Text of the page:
Her much trailed speech at the Centre for Policy Studies was full of crowd pleasing right wing jibes bashing the Left and talking of so called unrepresentative groups campaigning for black and ethnic minorities, gays and women but getting nowhere.

But when it came to what she wanted to offer it was pretty thin gruel. She is moving the Equalities Hub from London to the North and asking the Social Mobility Commission to research the geographical disparities across the country. Wow!

motherhood and apple pie

And some of the speech read – forgive me for being sexist – like ” motherhood and apple pie”.

“Now is the time to root the equality debate in the real concerns people face, delivering quality housing, cutting commute times, improving public transport, ending discrimination in our offices, factories and shop floors, and improving our schools so every child has the same chances in life,” she opined.

Politicians have been spouting these platitudes for decades. No one is going to stand on a platform of let’s build a new generation of slums, slash public transport and cut school budgets – even if the result of some policies -under Tory governments- has been to do this.

The truth is we already know what has happened to the North and the South West without any more research. I know having looked at life expectancy figures that people in posh Kensington live much longer than those in Blackpool. I have been to Sunderland and Skelmersdale and seen the narrow life chances of people who live there. And by the way if the Tories are so worried about the North- why did both places miss out on Robert Jenrick’s largesse in his town fund scheme- in favour of Cheadle and Southport ( both Tory marginal seats unlike the former two).

Rugged individualism

It is what she going to do about this that matters. Her solution seems to be that rugged individualism will solve the lot and miraculously lift the masses out of years of deprivation. Yet to have a big impact it has to be a big partnership involving local councils, communities and diverse interest groups. She seems to suggest that one compartmentalises equality -looking at social and economic class – and ignoring whether they are black, gay, women or white working class males. In a bizarre sort of way her analysis is almost Marxist – though she would be a million miles away from his solution.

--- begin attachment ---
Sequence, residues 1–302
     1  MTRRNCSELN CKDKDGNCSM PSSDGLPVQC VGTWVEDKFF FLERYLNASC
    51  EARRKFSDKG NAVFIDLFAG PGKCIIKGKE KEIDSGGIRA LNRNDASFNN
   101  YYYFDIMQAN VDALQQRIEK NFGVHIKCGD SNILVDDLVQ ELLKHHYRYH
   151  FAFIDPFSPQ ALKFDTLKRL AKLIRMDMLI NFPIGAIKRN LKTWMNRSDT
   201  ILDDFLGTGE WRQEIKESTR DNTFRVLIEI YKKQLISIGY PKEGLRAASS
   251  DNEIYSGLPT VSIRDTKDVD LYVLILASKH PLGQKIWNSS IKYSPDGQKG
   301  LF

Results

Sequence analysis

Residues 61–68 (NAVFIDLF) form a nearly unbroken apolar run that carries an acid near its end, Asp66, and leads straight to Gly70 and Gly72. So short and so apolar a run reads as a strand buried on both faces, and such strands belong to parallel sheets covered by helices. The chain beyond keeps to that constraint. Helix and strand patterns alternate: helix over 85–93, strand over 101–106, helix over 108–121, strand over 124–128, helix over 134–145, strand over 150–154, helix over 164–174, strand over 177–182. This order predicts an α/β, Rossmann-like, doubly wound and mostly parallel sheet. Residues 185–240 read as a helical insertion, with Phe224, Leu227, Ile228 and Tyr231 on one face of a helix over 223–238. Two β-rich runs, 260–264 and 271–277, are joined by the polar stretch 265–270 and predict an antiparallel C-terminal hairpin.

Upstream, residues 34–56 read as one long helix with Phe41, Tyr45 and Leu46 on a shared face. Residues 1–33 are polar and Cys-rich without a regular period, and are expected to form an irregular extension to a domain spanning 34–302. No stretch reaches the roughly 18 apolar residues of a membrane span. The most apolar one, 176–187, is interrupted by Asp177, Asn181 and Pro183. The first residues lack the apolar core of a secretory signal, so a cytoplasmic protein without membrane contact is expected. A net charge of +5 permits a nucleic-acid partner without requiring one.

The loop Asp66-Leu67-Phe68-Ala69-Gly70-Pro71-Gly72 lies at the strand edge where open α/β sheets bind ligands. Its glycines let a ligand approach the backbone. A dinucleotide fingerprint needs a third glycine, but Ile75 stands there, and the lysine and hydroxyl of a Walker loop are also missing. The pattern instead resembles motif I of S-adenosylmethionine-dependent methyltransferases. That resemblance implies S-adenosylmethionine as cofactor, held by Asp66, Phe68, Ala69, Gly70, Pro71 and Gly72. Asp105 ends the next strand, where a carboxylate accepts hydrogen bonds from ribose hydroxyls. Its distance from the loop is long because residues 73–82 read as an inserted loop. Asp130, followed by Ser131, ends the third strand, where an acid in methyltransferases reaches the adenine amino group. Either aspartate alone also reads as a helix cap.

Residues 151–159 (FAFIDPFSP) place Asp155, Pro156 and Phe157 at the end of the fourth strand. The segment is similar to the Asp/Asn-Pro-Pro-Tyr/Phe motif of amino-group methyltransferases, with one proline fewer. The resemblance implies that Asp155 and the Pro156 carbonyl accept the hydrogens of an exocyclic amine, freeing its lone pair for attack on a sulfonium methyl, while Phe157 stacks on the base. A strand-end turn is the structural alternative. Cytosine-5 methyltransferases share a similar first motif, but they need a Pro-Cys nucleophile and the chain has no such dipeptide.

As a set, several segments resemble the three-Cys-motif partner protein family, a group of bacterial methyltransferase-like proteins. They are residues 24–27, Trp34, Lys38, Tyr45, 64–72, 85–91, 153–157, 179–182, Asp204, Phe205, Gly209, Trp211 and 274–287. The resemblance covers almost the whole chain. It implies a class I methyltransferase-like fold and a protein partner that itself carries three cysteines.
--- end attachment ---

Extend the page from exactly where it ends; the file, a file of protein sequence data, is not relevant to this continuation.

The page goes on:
She also doesn’t seem to know that she already possesses the power to do this under the Equality Act.

One reaction from Nell Andrew, GMB National Equality and Inclusion Officer ( no doubt one of those Lefties she doesn’t like) was:

“If Liz Truss is serious in her ‘new fight for fairness’, she could start by enacting Section 1 of the Equality Act that was passed in Parliament 10 years ago and which successive Tory administrations have refused to act on. This would force public institutions to adopt effective polices to reduce the inequalities that result from class or socio-economic barriers.  

“A drastic move away from recognising peoples lived experience, ignoring qualitive evidence, is a dangerous use of smoke and mirrors to attack equality and human rights legislation.  

“All major equality and employment laws came about because of workers and communities organising around issues like racism, sexism and homophobia; fighting for more equal rights for everyone. “

Dr Meghan Campbell from the Oxford Human Rights Hub

fracturing equality

Dr Meghan Campbell, Deputy-Director of the Oxford Human Rights Hub, and an expert on the UN  Convention on the Elimination of All Forms of Discrimination Against Women,(CEDAW) put it this way:

“Today’s statement appears to fracture equality between identity characteristics (race, gender etc) and socio-economic equality. The water-tight division between different types of equality is both misleading and highly strained. There are complex interactions between race, gender, disability, migration status, geography, religion, sexual orientation, gender identity and poverty. Historically marginalised groups have higher rates of poverty and political and social exclusion. “

“While there are some encouraging aspects focusing in on geographic equality and poverty, but these should not be pitted against race or gender equality as equality is not a zero-sum game.

” Poverty cannot be fully addressed without transforming the institutions and norms that perpetuate poverty against women and people of colour. The statement seems to be moving back to a very individualised vision of equality that ignores how larger structures, norms and institutions can trap people into disadvantage. “

So I am not impressed. If I am very cynical just a week ago she as equalities minister got advance warning that the UN CEDAW committee in Geneva has decided to seek the UK’s response on discrimination in relation to women as the Supreme Court decides whether to hear the Back To 60 pension discrimination case. I wonder if this among other matters prompted her rushed public response.